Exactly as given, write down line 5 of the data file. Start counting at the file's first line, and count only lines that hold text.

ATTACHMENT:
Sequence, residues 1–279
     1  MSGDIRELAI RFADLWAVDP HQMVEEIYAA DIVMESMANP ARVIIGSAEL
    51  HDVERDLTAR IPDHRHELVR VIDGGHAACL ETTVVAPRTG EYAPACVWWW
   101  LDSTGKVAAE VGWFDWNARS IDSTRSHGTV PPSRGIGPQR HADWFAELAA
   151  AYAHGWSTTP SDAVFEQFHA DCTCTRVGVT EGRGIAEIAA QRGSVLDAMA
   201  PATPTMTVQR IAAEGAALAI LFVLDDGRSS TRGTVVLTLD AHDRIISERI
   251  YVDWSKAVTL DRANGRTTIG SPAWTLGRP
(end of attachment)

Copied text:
   151  AYAHGWSTTP SDAVFEQFHA DCTCTRVGVT EGRGIAEIAA QRGSVLDAMA